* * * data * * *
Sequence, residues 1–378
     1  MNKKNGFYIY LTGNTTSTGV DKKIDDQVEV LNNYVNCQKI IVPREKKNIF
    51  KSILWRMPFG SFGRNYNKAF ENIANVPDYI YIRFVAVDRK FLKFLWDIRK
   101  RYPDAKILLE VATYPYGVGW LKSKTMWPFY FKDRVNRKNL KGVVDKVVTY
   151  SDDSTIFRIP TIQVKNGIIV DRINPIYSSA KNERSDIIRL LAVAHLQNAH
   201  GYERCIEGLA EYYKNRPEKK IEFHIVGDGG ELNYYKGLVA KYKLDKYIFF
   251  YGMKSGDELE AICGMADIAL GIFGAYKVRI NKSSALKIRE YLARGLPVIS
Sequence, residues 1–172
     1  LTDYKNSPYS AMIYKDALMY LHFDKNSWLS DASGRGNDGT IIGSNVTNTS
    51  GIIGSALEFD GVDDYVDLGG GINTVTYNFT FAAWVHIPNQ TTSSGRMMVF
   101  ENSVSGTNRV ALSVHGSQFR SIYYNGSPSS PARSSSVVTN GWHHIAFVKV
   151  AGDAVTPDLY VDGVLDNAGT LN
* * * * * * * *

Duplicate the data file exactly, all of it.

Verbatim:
Sequence, residues 1–378
     1  MNKKNGFYIY LTGNTTSTGV DKKIDDQVEV LNNYVNCQKI IVPREKKNIF
    51  KSILWRMPFG SFGRNYNKAF ENIANVPDYI YIRFVAVDRK FLKFLWDIRK
   101  RYPDAKILLE VATYPYGVGW LKSKTMWPFY FKDRVNRKNL KGVVDKVVTY
   151  SDDSTIFRIP TIQVKNGIIV DRINPIYSSA KNERSDIIRL LAVAHLQNAH
   201  GYERCIEGLA EYYKNRPEKK IEFHIVGDGG ELNYYKGLVA KYKLDKYIFF
   251  YGMKSGDELE AICGMADIAL GIFGAYKVRI NKSSALKIRE YLARGLPVIS
Sequence, residues 1–172
     1  LTDYKNSPYS AMIYKDALMY LHFDKNSWLS DASGRGNDGT IIGSNVTNTS
    51  GIIGSALEFD GVDDYVDLGG GINTVTYNFT FAAWVHIPNQ TTSSGRMMVF
   101  ENSVSGTNRV ALSVHGSQFR SIYYNGSPSS PARSSSVVTN GWHHIAFVKV
   151  AGDAVTPDLY VDGVLDNAGT LN